“Perfection is achieved, not when there is nothing more to add, but when there is nothing left to take away.”
~Antoine de Saint-Exupéry – Airman’s Odyssey~
Vittorio Jano’s latest creation, the long-promised Lancia D50, eventually materialized at the closing race of 1954, the Spanish Grand Prix at Pedralbes. The under-wraps production had been the hot topic of the paddock all season. Testing had begun in January and prior to each race the rumours would spread that the car was finally going to make an appearance, only to have it come to nothing. The grapevine whispered that Jano had designed a machine that possessed cutting edge technology, but was proving difficult to perfect. All of Italy hoped that it would be capable of competing with the might of Mercedes-Benz who so far had been leaving the rest of the field in their wake.
Vittorio Jano’s Fleet of Formula One Cars
Vittorio Jano’s engineering career had been long and productive. He joined Fiat as a junior draftsman and proceeded to work his way to the top until he eventually became head of the Fiat design team working alongside Luigi Bazzi. After Bazzi fell out with Fiat in 1923 and moved to Alfa Romeo he advised they hire Jano to help develop their uncompetitive Formula One car, the P1. Nicola Romeo, owner of Alfa Romeo, dispatched Enzo Ferrari off to Turin to track down Jano and offer him twice the salary to work for Alfa. It took less than a year for Jano to finish his stunning Alfa Romeo P2.
After the P2’s first practice session at the 1924 French Grand Prix, gleaming silver in sunshine as it had not yet been painted in the traditional Alfa Romeo deep crimson, an Italian journalist wrote, “While waiting along the edge of the road with eyes pointed at the course, it seemed to us that a bullet had just passed us by. The silver car proceeded firmly on that imperfect surface, and the singing of the engine gave the impression of uncommon power.” The car won its first race, the 1924 French GP with driver Giuseppe Campari at the wheel, and Alfa Romeo’s four cars took out the top four places at the Monza GP – much to the delight of the local supporters.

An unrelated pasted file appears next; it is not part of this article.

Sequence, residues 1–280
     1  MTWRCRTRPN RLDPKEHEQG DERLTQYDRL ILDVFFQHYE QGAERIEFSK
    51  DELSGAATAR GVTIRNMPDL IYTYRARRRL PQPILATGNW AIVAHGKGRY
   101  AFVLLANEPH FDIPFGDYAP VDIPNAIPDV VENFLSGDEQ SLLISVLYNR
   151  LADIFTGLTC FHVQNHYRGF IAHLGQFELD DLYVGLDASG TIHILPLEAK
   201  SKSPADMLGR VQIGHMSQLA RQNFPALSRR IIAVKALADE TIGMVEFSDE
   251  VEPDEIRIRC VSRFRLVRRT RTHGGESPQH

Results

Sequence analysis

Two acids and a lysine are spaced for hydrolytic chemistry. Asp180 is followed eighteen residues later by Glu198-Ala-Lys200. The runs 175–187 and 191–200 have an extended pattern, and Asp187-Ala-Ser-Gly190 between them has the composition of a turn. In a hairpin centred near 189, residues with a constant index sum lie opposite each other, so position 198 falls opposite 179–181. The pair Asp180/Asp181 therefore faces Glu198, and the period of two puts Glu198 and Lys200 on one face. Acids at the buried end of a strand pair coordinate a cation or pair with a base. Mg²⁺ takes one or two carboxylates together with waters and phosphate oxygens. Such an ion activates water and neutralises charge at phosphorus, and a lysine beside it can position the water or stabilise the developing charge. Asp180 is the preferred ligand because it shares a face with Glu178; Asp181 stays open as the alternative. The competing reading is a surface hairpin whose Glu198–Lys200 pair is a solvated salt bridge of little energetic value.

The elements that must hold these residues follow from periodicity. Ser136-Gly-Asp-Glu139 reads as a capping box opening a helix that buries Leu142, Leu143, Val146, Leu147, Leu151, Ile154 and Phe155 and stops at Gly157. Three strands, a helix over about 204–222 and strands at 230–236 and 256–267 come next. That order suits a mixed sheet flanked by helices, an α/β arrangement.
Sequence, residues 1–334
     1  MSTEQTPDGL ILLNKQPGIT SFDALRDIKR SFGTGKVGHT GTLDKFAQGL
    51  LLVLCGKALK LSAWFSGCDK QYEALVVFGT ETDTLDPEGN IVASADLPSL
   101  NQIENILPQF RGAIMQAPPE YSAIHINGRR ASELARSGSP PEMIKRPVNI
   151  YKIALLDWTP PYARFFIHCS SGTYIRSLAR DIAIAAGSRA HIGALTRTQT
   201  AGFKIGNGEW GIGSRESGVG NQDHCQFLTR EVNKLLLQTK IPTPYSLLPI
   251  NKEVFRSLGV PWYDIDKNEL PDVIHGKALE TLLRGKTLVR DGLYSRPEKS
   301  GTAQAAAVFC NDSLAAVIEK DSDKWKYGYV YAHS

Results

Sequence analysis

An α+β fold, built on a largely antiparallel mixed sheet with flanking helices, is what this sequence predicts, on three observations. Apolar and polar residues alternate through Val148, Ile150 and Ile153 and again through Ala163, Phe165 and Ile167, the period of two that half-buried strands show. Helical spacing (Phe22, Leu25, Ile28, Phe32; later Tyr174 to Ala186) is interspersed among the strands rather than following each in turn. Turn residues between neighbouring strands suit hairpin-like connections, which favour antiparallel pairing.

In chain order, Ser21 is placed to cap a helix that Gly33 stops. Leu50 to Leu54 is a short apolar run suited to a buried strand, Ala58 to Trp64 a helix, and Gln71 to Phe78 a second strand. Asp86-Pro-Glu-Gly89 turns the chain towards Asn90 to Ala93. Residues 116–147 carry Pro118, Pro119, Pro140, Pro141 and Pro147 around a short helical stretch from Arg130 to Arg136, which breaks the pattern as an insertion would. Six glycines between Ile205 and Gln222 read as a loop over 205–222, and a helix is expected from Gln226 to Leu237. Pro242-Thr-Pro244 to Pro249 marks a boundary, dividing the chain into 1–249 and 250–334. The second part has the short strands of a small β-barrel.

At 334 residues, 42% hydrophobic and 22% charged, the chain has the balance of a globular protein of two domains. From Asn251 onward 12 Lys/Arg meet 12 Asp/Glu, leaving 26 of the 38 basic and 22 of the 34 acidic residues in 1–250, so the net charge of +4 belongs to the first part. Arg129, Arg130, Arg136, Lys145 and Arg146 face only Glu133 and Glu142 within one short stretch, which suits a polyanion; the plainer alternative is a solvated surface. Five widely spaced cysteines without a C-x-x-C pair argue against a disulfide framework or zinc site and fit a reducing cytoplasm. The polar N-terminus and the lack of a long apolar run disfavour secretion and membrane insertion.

Jano’s next project was the Alfa Romeo P3 which also won its first race, though its most famous victory would be when Tazio Nuvolari drove it to victory at the 1935 German Grand Prix against the might of the Mercedes and Auto Union stables. In 1937 Jano had a dispute with Alfa Romeo’s general manager and deserted Alfa to sign up with Lancia as their chief development engineer where he spent many years designing their road cars.
Vincenzo Lancia, an engineer, racer and test driver for Fiat, founded Lancia in 1906. After he died in 1937 his wife took over the running of the company, and then in 1947 his son Gianni Lancia, also an engineer and test driver, became president. Gianni Lancia had always had a passion for motor racing and after achieving instant success in sports car racing with first their standard 2-Litre Lancia Aurelia Coupe winning its class at the Le Mans 24 hour in 1951, and then their Jano designed D24 sports car which won multiple races, he decided the company had what it took to build a competitive Grand Prix car. They were fortunate to already have Vittorio Jano on the payroll – they just had to wait for his latest Formula One design!
The Lancia D50 Finally Appears
When the Lancia D50 finally appeared in Spain its innovative construction was immediately obvious. Frequently an engineer starts with what is already known and then works to improve it with small modifications and adjustments. The Lancia D50 was a clean-sheet design…Jano had completely rethought the physics and aerodynamics of his new model from the ground up to make it a breed apart from the rest of the field.
Smaller, lighter and lower than the opposition, the engine was angled 12 degrees which allowed the propeller shaft to run to the left of the driver instead of underneath him. This then resulted in a lower centre of gravity as the driver was closer to the ground. Paniers between the wheels contained the fuel tanks, instead of being placed in the rear of the car as was usual. This concentrated the weight between the wheels and also improved aerodynamics.
The car also contained Formula One’s first V-8 engine which was also a Jano design. Because it was shorter and squatter than the standard straight 6 and 8’s used by the competition it could also be load bearing. The engine was incorporated as part of the chassis which further lowered the weight of the vehicle (so why did I think that Colin Chapman‘s Lotus 49 was the first car to use the engine as a stressed member?) It had a rear gearbox that was likewise incorporated into the chassis.